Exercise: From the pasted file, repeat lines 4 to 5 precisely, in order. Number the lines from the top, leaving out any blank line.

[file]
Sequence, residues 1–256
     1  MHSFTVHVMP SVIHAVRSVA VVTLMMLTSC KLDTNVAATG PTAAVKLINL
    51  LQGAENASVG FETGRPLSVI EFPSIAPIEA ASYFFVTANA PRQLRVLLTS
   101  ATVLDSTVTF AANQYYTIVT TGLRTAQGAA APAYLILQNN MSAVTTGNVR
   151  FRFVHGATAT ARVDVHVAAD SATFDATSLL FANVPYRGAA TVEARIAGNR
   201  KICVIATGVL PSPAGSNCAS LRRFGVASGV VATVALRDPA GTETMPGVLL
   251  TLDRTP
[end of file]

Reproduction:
   101  ATVLDSTVTF AANQYYTIVT TGLRTAQGAA APAYLILQNN MSAVTTGNVR
   151  FRFVHGATAT ARVDVHVAAD SATFDATSLL FANVPYRGAA TVEARIAGNR